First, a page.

New York City is less than two months away from opening the world’s largest ultraviolet (UV) drinking-water disinfection plant. When the lights go on, the facility’s 56 massive UV units will neutralize waterborne pathogens in all the drinking water coming from the city’s major sources—the Delaware County and Catskill watersheds. The facility will process up to nine billion liters daily, adding a second layer of sanitation to the chlorine treatment that has been applied for years.
The Catskill/Delaware system of the NYC Watershed covers 1,584 square-miles and provides clean drinking water to over 10 million New York City homes and other downstate communities. 90% of New York City’s water originates in the Catskills where forests provide a natural buffer to protect the superior water quality in the streams and reservoirs. The remaining ten-percent comes from a suburban watershed east of the Hudson where the source water must be filtered to be fit for human use.
The Delaware–Catskill watersheds, located 160 kilometers north of the metropolis, have historically not required filtration or multiple methods of disinfection. More stringent U.S. Environmental Protection Agency (EPA) regulations in recent years and increased development around these bodies of water over the past decade, however, have prompted the city to add more protection against potentially disease-causing microorganisms.
The new, $1.6-billion Catskill–Delaware Ultraviolet Disinfection Facility, built some 50 kilometers north of Manhattan on 62 hectares in the towns of Mount Pleasant and Greenburgh in Westchester County, NY, is scheduled to go live by October 29. As water flows through each of its 151-million-liter disinfection units, the UV light will alter the DNA of cryptosporidium, giardia and other waterborne pathogens, rendering them unable to replicate. Blooms of these microorganisms can cause nausea, cramps, diarrhea and even more serious maladies.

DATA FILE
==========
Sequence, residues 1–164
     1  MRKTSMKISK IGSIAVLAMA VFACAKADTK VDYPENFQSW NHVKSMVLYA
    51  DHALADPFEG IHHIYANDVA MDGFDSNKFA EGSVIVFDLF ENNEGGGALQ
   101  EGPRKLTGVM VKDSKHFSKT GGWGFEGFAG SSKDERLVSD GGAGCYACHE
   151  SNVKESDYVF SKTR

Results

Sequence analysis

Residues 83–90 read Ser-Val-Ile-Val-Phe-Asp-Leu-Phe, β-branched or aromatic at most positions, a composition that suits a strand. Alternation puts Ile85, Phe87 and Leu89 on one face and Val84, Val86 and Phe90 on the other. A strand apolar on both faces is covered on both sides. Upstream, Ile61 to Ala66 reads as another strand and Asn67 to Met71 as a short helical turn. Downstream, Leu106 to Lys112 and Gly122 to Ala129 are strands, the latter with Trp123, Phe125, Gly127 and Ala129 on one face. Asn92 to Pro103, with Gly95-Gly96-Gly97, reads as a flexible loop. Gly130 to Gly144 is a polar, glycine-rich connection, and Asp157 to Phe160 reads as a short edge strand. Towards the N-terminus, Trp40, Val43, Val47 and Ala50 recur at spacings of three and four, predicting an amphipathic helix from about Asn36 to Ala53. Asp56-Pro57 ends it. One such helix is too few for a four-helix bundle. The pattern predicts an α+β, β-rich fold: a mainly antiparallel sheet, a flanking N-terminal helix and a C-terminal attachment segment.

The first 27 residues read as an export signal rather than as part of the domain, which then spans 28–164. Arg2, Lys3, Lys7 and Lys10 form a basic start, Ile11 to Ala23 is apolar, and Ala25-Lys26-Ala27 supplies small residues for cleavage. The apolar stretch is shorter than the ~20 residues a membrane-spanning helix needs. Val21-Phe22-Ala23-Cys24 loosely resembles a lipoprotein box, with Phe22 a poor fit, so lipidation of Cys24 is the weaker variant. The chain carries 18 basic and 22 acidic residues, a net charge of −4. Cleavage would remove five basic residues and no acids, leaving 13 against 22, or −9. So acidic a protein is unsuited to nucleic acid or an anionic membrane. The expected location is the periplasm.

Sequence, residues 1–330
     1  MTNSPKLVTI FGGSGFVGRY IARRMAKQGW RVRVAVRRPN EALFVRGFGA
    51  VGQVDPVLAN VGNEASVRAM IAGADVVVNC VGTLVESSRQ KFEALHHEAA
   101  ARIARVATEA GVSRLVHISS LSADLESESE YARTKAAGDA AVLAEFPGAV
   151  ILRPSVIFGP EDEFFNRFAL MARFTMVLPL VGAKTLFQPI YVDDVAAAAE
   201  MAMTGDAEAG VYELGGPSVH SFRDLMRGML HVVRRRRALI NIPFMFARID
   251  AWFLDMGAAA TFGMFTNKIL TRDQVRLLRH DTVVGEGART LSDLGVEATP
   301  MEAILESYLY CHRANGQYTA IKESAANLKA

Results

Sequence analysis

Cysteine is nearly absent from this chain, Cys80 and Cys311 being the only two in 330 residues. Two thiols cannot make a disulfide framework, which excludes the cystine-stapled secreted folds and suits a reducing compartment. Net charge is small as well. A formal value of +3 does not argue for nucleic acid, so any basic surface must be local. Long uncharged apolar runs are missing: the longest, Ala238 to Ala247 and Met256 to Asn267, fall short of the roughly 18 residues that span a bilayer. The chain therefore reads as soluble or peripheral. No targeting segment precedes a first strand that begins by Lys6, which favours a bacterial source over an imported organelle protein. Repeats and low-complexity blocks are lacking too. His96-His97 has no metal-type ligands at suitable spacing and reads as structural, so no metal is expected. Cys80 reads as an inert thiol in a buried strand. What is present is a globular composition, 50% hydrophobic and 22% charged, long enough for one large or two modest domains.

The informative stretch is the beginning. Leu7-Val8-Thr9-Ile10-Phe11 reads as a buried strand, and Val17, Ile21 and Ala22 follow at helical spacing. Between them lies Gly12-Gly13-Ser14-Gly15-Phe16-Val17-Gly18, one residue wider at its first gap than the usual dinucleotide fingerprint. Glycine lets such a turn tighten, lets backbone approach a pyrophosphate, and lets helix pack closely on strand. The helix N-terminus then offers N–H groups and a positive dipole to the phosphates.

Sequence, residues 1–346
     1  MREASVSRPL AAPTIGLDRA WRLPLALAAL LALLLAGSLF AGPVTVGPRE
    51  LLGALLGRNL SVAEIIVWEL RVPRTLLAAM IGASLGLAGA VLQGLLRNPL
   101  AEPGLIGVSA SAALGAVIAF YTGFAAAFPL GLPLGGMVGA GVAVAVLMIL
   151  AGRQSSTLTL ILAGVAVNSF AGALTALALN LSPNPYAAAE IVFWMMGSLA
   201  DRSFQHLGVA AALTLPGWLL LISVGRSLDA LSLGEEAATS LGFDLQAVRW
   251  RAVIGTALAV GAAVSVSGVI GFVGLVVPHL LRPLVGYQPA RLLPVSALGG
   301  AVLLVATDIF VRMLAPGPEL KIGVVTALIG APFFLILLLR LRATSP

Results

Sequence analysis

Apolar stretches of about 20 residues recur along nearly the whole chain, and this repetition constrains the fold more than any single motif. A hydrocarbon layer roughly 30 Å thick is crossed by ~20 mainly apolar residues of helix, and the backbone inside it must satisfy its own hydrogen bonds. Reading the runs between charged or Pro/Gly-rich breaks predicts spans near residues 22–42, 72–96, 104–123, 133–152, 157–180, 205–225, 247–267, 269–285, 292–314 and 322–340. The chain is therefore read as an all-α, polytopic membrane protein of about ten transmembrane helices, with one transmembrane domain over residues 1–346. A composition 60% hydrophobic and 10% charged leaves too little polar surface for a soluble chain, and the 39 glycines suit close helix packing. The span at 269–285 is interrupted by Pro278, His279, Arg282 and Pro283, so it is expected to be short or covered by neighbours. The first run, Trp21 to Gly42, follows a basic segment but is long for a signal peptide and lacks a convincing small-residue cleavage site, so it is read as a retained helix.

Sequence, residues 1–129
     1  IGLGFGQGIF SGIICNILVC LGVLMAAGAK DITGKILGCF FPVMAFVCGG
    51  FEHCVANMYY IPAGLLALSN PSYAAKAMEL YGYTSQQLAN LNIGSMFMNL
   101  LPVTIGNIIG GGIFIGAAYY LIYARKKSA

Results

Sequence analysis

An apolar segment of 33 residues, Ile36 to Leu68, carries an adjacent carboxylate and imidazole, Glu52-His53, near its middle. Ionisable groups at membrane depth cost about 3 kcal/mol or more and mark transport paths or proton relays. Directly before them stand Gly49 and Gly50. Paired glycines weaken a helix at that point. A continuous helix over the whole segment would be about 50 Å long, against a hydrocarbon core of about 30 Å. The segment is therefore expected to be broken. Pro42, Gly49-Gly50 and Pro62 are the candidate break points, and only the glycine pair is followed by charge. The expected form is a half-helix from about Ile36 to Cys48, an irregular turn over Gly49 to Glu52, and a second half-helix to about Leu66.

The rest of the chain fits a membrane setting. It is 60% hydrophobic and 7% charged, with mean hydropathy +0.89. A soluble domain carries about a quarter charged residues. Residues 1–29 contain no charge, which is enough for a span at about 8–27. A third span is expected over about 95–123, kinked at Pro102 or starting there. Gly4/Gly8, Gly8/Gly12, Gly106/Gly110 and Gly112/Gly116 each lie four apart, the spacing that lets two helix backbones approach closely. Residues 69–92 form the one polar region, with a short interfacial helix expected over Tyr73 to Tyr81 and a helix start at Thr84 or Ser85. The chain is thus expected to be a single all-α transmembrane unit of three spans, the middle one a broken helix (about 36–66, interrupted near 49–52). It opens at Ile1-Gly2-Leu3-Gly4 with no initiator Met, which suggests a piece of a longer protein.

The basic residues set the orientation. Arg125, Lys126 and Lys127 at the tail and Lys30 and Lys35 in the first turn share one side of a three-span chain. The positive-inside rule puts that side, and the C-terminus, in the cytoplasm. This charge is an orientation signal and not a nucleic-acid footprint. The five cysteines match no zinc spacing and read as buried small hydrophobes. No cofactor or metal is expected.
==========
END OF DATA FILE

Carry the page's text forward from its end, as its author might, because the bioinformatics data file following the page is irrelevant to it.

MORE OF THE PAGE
Water-flow pipes connect to either end of the 7,200-kilogram rectangular stainless steel UV disinfection reactors, each of which is about 5.8 meters long, 1.7 meters wide and 2.3 meters tall. Water moves through each reactor at about 1.5 meters per second, passing within centimeters of that unit’s 210 UV lamps. The Catskill–Delaware facility as a whole is expected to use up to 6.3 megawatts of power when the water is at the maximum flow. On normal days, when about five billion liters are flowing, energy usage should not exceed 4.5 megawatts, according to Trojan Technologies, Inc., the wholly owned subsidiary of Danaher Corp., which built the facility.
Trojan’s operation will dwarf the San Francisco Public Utilities Commission’s Tesla Treatment Facility, which opened in July 2011. That $114-million project is California’s largest UV water disinfection facility, treating up to 1.2 billion liters of water per day for the Bay Area from the Hetch Hetchy Reservoir in Yosemite National Park.
In 2006 the EPA began requiring unfiltered surface water treatment systems, including the one delivering New York City’s drinking water, to either filter its drinking water or install some other barrier for microorganisms besides chlorine treatment. The city’s alternative to UV would have been to build a much more expensive filtration facility that passed drinking water through a series of porous materials—typically layers of sand, gravel and charcoal—helping to remove tiny chemicals, hazardous materials and toxins.
The EPA’s requirements make sense, given that neither chlorine nor UV treatments can by themselves mitigate all threats to drinking water. Whereas cryptosporidium is highly resistant to chlorine, UV has proved effective at controlling the parasite. On the other hand, adenovirus is notoriously resistant to UV disinfection but can be killed using chlorine.
Although adenovirus is not typically found in surface water repositories, New York’s watersheds are not entirely free of risk because of the growing population and increased development in those areas, says Mark Sobsey, University of North Carolina at Chapel Hill professor of environmental sciences and engineering and director of the school’s Environmental Microbiology Laboratory. “We have to assume that there is some risk of adenoviruses getting into these water sources from human fecal contamination, such as septic tank effluents that may discharge into some waters and eventually enter the reservoirs,” he adds. “Between the new UV facility and the requirement that all municipal and community drinking water supplies use a chemical disinfectant, any risk that adenovirus would contaminate the city’s water supply is negligible,” Sobsey says.